Shares of agribusiness and real estate development company Limoneira (NASDAQ:LMNR) have lost 22% of their value over the last 12 months, and yet by some measures, the company's stock may still seem a bit dear, as it trades at a PEG ratio of 2.34. On the other hand, the lemon grower sports a one-year forward price-to-earnings (P/E) ratio of 16.4, a more reasonable market pricing that potentially indicates undervalued shares.
Is Limoneira cheap or fairly bid at the moment? Below, we'll look at the context behind the decline in the "LMNR" symbol and try to determine if shares are ripe for a current purchase.
Recent revisions to full-year earnings estimates
Most of Limoneira's stock-price deterioration has occurred during the month of May 2019 as the company issued an interim update to full-year guidance on May 13. (It next reports earnings on June 10.) Excessive rains in California in the first two quarters of the fiscal year have created "an overabundance of large, fresh lemons," pressuring lemon pricing. The rains have pushed the domestic lemon harvest into Limoneira's fiscal third quarter, which ends on July 31.
In addition, poor weather conditions for oranges have compressed orange market pricing. Finally, Limoneira will see minimal avocado harvest revenue in 2019 due to excessive heat in the summer of 2018.
Given these multiple crop variables, the company reduced its full-year operating income target to a range of $14.75 million-$17.5 million from a previous band of $20 million-$23 million. Adjusted EBITDA is now slated to land between $23.5 million-$27.5 million from a prior expectation of $28 million-$32 million. It's worth noting that Limoneira still expects record revenue, operating income, and EBITDA in fiscal 2019 despite the adjustments.
Pricing against peers
Given that the market has now digested the revised outlook and whittled Limoneira's stock price accordingly, how is the organization valued compared to peers? The Russell 2000 Index, which is comprised of over 2,000 small capitalization stocks (and of which Limoneira is a member), currently trades at an aggregate forward P/E ratio of 22.2, according to Yardeni Research. At a one-year forward P/E of 16.2, Limoneira stands at a 27% discount to its peer group.
It's also useful to evaluate Limoneira against avocado agribusinesses Calavo Growers (NASDAQ:CVGW). Calavo markets avocados globally and provides fresh fruit and packaged-foods solutions to the grocery and foodservice industries. The two companies share many relationships: Limoneira sells its entire annual avocado supply to Calavo, while Calavo leases its corporate headquarters from Limoneira. Both companies own equity stakes in each other.
Currently, Calavo trades at a PEG ratio of 2.16, and it boasts a forward P/E of 25.69. Thus, relative to earnings growth, Limoneira is priced in line with Calavo Growers. However, it can be purchased at a discount of 37% to Calavo in the context of the next 12 months' earnings.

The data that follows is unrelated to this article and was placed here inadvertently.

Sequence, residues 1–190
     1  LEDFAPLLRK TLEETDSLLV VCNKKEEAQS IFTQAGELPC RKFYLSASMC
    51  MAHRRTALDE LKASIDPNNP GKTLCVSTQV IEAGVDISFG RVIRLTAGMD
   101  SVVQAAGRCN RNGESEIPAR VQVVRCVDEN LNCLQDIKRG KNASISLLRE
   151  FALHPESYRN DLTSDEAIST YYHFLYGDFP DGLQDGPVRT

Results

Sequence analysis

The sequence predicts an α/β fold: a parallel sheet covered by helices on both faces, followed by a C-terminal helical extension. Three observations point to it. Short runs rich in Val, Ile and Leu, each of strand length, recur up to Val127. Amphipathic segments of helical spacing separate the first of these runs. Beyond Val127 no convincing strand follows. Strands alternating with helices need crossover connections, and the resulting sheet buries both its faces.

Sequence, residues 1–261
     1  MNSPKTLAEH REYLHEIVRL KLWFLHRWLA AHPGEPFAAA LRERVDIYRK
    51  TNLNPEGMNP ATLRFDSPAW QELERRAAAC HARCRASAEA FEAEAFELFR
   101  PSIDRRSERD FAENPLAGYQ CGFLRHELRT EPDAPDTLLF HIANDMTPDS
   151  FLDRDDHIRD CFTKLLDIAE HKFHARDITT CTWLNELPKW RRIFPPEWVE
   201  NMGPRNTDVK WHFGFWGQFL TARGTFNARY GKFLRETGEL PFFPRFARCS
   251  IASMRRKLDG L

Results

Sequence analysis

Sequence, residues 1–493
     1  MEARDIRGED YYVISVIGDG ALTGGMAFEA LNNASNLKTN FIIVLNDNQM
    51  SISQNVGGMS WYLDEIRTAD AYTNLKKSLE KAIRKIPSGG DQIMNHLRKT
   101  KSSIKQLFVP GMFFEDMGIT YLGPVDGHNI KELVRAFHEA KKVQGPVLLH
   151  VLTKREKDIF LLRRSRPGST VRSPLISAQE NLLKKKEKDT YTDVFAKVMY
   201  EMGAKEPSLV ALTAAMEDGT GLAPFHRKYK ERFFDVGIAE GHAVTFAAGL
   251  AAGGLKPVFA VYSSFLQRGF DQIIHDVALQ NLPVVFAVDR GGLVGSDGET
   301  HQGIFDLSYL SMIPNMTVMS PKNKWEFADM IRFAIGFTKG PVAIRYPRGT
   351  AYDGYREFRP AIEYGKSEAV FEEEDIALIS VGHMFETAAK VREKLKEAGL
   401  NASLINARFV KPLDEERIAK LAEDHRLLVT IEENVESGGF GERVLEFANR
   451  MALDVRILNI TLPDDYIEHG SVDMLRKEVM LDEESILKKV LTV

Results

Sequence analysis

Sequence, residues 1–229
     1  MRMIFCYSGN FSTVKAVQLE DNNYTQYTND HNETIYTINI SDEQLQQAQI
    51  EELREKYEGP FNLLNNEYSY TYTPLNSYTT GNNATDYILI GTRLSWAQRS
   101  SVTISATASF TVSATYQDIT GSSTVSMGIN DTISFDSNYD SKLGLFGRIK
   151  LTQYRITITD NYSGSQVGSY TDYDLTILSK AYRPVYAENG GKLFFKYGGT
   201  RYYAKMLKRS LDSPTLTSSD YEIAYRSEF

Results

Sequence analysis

This discrepancy is due to the uncertainty surrounding Limoneira's 2019 lemon harvest. As I discussed above, most of the company's sell-off has taken place after its revised outlook for 2019. Shareholders will avidly wait for lemon volume and crate pricing in the organization's fiscal third-quarter report, which will be issued this fall.
Additional valuation factors to consider
Due to new accounting rules, Limoneira must mark its Calavo Growers stock to market each quarter, which has an unpredictable impact on net earnings from period to period. For example, in the fiscal first quarter of 2019, an unrealized loss on Calavo Growers stock of $3.9 million was responsible for the lion's share of Limoneira's $4.8 million net loss.
In addition, Limoneira's real estate development revenue tends to be more sporadic than its lemon and other fruit sales revenue. This year, the company has finished initial construction on its "Harvest at Limoneira" residential real estate project. Limoneira expects to recognize $2.3 million in equity earnings on this project in the second quarter, but further income is unlikely for the remainder of the year.
These types of items can cloud the immediate earnings picture. Looking further ahead, however, the company is poised for earnings growth in 2020 and beyond. Limoneira is expecting a robust avocado harvest in fiscal 2020, and more importantly, the first 300 of 1,200 acres of new lemon plantings will bear fruit the same year. The remaining 900 acres will issue their first harvests over the following three years. This is important as collectively, the new acreage will increase Limoneira's annual harvest by 30% against current-year levels and provide a significant source of top-line growth.
Ultimately, I'm not quite ready to say that Limoneira is undervalued at present. Until the 2019 lemon harvest is in and the company's earnings fall within the newly revised ranges, shareholders have reason to be cautious. However, patient investors with a three- to five-year holding period may see no reason to delay picking up shares now while they're priced more cheaply than both a related agribusiness and the company's extended small-cap peer group.